I really went into roles that were maybe more akin to a customer success manager into roles like an account manager. That’s where my career’s been for a number of years. I think when we– Jamie’s my business partner and I, we had our consulting firm. Those skills continued to happen. You’re helping customers, and then you know, even today, I think the best thing or biggest thing about my day is trying to engage as many customers as possible.
Listening, trying to hear what they’re saying, hear their challenges, the opportunities that are there. Just having those conversations is really a joy for me. Getting back to the root of your question, I think, again, the heart for me was finding architecting stories, and then really being close to the customer was what drew me towards this kind of customer realm and being involved with customers on a regular basis, daily basis interacting with them.
Justin: Yes, it’s interesting, when you think about the role customers play in an organization, you have, obviously they’ve of its own paramount importance that they are successful because if a customer is not successful business is not successful, but your customers are also your best source of product pipeline ideas, they’re your best source of incremental revenue for the business with renewals, upsells, et cetera.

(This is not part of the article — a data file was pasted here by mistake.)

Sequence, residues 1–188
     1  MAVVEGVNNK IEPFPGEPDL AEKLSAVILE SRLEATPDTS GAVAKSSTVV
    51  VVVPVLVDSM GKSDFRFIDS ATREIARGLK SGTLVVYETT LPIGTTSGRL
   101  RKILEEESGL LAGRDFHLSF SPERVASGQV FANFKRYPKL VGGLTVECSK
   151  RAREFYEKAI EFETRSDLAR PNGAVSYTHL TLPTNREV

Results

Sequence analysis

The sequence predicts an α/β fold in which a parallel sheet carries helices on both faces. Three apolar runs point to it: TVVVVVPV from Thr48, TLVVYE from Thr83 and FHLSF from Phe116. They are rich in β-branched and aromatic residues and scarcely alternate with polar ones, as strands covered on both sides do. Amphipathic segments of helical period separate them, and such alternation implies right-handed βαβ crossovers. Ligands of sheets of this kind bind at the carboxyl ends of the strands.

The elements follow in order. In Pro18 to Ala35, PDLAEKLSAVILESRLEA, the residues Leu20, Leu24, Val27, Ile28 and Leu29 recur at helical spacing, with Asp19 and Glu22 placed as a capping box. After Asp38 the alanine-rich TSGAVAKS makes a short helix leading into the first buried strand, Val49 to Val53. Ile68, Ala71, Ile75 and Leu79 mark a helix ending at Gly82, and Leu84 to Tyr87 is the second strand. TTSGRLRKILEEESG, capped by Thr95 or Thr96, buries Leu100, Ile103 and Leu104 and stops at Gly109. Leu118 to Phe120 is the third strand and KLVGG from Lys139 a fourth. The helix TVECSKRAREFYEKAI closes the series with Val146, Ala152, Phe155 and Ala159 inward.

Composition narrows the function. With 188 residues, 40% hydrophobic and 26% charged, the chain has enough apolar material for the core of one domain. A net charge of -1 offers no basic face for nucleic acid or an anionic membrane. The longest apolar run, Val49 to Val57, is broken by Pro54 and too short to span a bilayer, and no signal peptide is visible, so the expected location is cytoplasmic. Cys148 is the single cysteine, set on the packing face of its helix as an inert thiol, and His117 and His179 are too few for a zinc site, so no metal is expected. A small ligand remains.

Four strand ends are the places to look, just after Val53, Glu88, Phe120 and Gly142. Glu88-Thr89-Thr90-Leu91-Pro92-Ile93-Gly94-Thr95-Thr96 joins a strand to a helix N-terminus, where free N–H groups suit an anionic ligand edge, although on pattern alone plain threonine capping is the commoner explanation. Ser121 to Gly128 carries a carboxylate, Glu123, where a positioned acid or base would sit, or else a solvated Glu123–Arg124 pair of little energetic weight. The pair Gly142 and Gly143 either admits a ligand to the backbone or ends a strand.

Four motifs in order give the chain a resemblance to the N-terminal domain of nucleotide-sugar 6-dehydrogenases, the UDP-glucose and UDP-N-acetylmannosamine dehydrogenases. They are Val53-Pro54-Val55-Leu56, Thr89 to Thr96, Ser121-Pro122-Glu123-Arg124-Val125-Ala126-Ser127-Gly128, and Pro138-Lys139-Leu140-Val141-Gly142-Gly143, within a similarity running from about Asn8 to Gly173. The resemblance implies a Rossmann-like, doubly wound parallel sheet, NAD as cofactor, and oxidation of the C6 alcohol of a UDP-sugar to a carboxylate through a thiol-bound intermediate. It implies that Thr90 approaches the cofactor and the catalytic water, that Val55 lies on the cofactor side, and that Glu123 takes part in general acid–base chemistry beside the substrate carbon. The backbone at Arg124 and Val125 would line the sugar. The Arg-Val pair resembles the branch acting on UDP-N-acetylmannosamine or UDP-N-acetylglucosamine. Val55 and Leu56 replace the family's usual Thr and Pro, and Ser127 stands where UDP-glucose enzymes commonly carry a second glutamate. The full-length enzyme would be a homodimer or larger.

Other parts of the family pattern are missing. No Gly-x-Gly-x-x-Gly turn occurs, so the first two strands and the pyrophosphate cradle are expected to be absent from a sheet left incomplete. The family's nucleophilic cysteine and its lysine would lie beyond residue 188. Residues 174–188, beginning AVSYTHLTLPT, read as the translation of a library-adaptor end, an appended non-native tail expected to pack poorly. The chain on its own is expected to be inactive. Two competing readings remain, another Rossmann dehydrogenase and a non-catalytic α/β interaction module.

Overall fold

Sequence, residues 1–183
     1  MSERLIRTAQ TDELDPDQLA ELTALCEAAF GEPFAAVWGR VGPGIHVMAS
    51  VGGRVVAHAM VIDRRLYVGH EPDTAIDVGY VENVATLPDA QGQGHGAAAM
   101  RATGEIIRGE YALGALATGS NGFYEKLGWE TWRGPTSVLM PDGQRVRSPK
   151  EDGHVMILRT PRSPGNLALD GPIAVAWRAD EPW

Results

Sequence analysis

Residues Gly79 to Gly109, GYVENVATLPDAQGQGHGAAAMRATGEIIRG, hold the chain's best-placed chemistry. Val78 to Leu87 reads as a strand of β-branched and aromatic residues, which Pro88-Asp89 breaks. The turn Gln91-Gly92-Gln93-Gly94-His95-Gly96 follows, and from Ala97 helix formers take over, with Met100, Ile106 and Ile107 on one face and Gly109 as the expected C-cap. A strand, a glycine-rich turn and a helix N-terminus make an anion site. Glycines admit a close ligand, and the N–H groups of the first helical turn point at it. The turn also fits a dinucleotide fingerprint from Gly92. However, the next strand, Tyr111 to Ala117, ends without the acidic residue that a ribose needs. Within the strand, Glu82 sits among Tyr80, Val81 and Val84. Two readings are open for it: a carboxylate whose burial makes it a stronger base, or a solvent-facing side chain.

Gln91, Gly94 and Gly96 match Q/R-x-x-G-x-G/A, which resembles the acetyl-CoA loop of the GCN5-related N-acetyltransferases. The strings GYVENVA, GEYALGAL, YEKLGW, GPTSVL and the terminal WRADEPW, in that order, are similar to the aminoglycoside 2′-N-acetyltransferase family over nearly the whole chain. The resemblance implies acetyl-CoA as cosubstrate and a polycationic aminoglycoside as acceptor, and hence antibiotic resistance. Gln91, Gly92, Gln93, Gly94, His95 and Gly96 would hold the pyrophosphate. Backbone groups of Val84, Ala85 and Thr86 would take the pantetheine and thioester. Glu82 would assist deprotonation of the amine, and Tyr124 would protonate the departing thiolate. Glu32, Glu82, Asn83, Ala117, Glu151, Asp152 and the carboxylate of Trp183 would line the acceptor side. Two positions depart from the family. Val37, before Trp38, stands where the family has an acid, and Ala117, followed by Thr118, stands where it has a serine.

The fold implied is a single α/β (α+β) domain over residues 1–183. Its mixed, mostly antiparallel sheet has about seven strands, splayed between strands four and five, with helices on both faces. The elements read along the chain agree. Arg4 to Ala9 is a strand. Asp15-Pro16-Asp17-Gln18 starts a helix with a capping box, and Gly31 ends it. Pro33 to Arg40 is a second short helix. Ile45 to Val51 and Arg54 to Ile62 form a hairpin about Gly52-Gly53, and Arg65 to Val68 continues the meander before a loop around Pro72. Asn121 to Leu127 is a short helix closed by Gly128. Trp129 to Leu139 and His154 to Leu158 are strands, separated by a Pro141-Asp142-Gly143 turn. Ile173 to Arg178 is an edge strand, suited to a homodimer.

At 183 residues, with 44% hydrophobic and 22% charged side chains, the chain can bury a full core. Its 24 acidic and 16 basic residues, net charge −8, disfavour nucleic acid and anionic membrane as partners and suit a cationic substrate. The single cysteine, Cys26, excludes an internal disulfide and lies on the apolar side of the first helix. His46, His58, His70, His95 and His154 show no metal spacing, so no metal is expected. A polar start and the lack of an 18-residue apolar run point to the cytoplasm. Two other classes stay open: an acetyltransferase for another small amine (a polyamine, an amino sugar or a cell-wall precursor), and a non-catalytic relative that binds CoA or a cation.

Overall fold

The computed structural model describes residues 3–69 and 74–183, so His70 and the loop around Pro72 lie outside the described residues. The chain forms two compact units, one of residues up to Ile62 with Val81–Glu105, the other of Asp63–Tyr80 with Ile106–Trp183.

Getting into that community. Getting into the business needs of these people listening to them, and bring that feedback in an organization is a part of the customer support experience, I think often gets, I wouldn’t say overlooked, but the average person sometimes thinks like, well, I need to return something to best buy, or whatever it is, and you really start chatting, or phone call, or whatever, but there’s a lot more to it than that. We’re here on the Support Automation Show and like to talk about automation and how it impacts support, and customers are one of the entities that deal with automation a lot. When I say the word support automation, what does that mean to you?
Jeff: I think when you first threw it out there, for me, I think it really starts to come down. I think about it, maybe two realms. I started to compartmentalize it as like, What does support automation mean for the customer-facing activities. How we’re making it easier for the customer to engage with us. How we’re making a better experience for them, how we’re making sure that they get the answer to what they need to quicker.